Campus & Community

Literary luminaries cut through Fogg

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Kincaid, Rushdie, Ashbery read to enthralled gathering

Salman Rushdie, Jamaica Kincaid, John Ashbery and James
After his reading, Salman Rushdie is embraced by Jamaica Kincaid as John Ashbery (left) and James Atlas (far right) look on. (Staff photo by Stephanie Mitchell)

Three of the 21st century’s foremost writers of English gathered at Harvard March 8 to read from their works. Sponsored by the Harvard Advocate, America’s oldest college literary magazine, the event featured poet John Ashbery ’49, and prose writers Jamaica Kincaid and Salman Rushdie.

Ashbery led things off. Recipient of the Pulitzer Prize and the National Book Award, among many other honors, the poet was introduced by Advocate President Cody Carvel ’03. Carvel quoted poet Kenneth Koch ’48, who said that reading Ashbery’s poetry was “like falling in love with some thrilling young person from Mars.”

Ashbery’s selections spanned his entire poetic career, from the poem “Some Trees,” which he wrote as an undergraduate, to an even earlier poem “The Painter,” inspired by a sestina by Elizabeth Bishop, to a long early poem called “He,” in which every line begins with the word “he.” The poem, the idea for which came to Ashbery in a dream, contains the line: “He is dangerous even though asleep and unarmed.”

Ashbery then read “Soonest Mended,” a poem he wrote in the ’60s that he described as a “one-size-fits-all confessional poem.” He ended with several recent poems soon to appear in a collection called “Chinese Whiskers.” One was a prose poem titled “A Nice Presentation.” Ashbery prefaced it with self-deprecating humor: “There seems to be a vogue for prose poems lately. I always seem to follow fashion.” The last poem was “Disagreeable Glimpses” (the title is from a musical composition by Eric Satie).

Writer and editor James Atlas, president of the Advocate’s board of trustees and author of a recent biography of Saul Bellow, introduced the next two readers, Kincaid and Rushdie. Musing about the source of their talent, he speculated that their outsider status gives them a uniquely insightful point of view.

“Both of them come from other cultures and have enriched our language with their perspectives,” he said.

Kincaid, who grew up on the Caribbean island of Antigua, a former British colony, read from her soon-to-be-published novel, “Mr. Potter,” the story of an illiterate chauffeur living on an island in the West Indies.

The gently rhythmic, repetitive prose seemed reminiscent of Gertrude Stein’s 1909 work, “Three Lives,” and like Stein, Kincaid uses an almost soporific style to capture the dulled sensibility of her lowly protagonist. The passage, which describes the last days of Mr. Potter’s life, was full of sentences whose balanced phrases and paradoxical meanings seemed to impart a funereal sluggishness to the narrative: “Everything was the same, and yet everything repudiated sameness.” “… [O]ne way or the other, the other or one way.”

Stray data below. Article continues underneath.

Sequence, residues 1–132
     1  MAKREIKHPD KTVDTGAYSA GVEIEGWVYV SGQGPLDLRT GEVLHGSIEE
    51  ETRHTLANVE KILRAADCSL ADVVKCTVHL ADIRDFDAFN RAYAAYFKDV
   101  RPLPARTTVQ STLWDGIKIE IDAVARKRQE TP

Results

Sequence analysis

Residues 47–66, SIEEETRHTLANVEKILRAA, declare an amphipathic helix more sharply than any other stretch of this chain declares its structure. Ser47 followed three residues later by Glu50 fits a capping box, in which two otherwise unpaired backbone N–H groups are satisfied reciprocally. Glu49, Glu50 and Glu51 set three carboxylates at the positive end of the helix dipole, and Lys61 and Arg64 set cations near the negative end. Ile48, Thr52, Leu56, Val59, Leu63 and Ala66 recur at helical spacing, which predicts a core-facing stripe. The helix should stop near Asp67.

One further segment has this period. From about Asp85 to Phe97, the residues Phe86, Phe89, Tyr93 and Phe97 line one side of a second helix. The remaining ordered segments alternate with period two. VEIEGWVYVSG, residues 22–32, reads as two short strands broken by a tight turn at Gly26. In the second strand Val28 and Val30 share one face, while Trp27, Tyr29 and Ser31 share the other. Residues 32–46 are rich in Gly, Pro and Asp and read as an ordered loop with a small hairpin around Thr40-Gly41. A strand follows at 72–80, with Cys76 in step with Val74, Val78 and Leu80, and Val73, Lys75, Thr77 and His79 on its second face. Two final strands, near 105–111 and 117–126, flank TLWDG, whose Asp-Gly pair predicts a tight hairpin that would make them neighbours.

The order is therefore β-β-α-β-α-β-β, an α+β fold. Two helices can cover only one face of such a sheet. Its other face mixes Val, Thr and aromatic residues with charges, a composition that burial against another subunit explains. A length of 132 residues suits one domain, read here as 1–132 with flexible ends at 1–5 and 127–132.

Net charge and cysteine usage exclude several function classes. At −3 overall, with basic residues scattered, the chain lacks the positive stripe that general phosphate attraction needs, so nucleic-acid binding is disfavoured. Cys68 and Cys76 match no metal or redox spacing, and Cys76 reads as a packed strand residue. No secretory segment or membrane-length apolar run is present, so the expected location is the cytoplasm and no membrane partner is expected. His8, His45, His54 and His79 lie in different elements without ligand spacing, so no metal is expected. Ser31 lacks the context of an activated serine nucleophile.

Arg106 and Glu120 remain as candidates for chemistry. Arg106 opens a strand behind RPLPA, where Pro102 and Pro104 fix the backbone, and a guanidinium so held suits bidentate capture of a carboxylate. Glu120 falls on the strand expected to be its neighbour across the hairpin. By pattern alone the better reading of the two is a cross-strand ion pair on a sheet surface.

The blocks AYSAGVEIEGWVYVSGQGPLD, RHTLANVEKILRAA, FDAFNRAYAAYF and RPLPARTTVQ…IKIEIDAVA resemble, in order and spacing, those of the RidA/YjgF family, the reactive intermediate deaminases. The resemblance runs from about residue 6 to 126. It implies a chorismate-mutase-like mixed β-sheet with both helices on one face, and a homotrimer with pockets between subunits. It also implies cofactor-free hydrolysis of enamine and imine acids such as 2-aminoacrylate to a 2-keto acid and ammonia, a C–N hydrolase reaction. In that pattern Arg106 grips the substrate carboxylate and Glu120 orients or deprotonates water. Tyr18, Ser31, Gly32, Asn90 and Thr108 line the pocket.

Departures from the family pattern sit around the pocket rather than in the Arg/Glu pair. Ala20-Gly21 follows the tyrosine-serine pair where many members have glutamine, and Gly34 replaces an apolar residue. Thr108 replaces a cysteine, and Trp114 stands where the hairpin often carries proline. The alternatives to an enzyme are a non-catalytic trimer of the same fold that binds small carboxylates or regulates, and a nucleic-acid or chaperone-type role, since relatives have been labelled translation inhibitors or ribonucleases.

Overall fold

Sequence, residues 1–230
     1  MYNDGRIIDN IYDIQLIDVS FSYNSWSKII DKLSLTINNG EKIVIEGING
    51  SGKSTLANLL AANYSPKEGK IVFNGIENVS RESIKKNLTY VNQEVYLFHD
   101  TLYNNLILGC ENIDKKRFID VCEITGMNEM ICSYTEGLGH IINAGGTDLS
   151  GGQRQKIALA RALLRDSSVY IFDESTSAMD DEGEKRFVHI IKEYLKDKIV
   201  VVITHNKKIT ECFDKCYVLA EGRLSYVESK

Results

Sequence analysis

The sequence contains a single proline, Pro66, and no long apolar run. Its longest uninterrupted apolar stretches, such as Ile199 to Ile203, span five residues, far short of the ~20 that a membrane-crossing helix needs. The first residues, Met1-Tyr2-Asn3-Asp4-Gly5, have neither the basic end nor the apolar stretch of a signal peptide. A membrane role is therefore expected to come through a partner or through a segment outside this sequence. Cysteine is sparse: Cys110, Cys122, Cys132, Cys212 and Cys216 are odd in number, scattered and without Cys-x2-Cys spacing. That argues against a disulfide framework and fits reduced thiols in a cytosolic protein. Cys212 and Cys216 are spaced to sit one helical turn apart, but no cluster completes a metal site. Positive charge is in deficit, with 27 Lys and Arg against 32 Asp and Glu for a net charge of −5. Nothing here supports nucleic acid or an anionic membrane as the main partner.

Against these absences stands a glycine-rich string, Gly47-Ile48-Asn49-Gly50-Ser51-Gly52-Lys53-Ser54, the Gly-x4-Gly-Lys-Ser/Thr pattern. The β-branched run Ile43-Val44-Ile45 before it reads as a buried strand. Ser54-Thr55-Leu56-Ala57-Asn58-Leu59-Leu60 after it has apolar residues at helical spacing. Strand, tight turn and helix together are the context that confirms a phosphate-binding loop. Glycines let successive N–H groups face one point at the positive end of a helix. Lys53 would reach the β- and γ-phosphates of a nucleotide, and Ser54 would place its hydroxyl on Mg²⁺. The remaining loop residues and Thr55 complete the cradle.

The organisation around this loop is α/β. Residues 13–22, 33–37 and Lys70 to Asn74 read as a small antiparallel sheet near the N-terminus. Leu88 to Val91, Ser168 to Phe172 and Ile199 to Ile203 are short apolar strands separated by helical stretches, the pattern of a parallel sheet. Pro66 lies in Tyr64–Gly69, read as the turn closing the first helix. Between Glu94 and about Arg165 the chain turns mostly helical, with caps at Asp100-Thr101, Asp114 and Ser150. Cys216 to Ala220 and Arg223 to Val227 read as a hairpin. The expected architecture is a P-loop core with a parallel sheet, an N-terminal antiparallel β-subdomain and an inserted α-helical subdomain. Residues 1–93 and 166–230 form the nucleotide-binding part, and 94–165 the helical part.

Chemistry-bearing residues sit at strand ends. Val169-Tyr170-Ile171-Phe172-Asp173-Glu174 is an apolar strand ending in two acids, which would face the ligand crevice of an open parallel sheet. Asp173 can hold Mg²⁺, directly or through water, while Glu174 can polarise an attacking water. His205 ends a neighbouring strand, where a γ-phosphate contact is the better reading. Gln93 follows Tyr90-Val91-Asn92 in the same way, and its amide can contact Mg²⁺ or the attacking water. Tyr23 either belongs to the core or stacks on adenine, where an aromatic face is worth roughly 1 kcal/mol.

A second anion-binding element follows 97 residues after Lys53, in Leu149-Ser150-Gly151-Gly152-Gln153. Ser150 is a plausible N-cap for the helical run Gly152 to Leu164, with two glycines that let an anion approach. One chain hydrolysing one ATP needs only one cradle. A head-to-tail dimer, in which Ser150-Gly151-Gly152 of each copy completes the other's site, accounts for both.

Rushdie grew up in Bombay, was educated at Cambridge University, and now lives in London. He alluded to his alma mater as he settled himself behind the lectern. “I’m from the other Cambridge,” he said, “but this one’s nice too.”

Rushdie read a short story titled “At the Auction of the Ruby Slippers.” Set in the not-too-distant future, the story describes the auction of an item of memorabilia so revered that it has taken on magical, even sacred properties in the minds of its devotees – the ruby slippers worn by Dorothy in “The Wizard of Oz.”

“Behind bulletproof glass, the ruby slippers sparkle,” says the story’s narrator. “We do not know the limits of their powers.”

Piling detail upon detail as he depicts the crowded and expectant scene in the auction room, Rushdie portrays an enervated and despondent dystopia, which is not far in many respects from our own times. It is a world in which nearly everyone is sick, in which people “have come to think of taking offence as a fundamental right,” and in which fictional characters descend from movie screens to further disorient “an already damaged reality.”

It is also a world in which everything is for sale, including “the Taj Mahal, the Statue of Liberty, the Alps, and the Sphinx,” and in which “all are equal before the justice of the gavel.”

In the story, the narrator has sworn to obtain the ruby slippers to win back the love of his life. He fails, but consoles himself with the thought that the next day another item of inestimable value will be on the block and he will have another chance.

A short question-and-answer period followed. One audience member asked what the three writers were currently reading. Ashbery replied that he had just finished a novel by the German writer W.G. Sebald. Kincaid, an avid gardener, said that her reading matter now consisted chiefly of gardening catalogs. Rushdie said that he was reading “The House of Blue Mangoes” by David Davidar.

For the final question, a young man asked, “Is it possible to be an artist and also be happy?”

Ashbery paused reflectively, then said: “I don’t know yet.” Kincaid responded archly: “Maybe the question ought to be, is it possible to be happy and be anything else.” Rushdie declared simply: “I’m extremely happy.”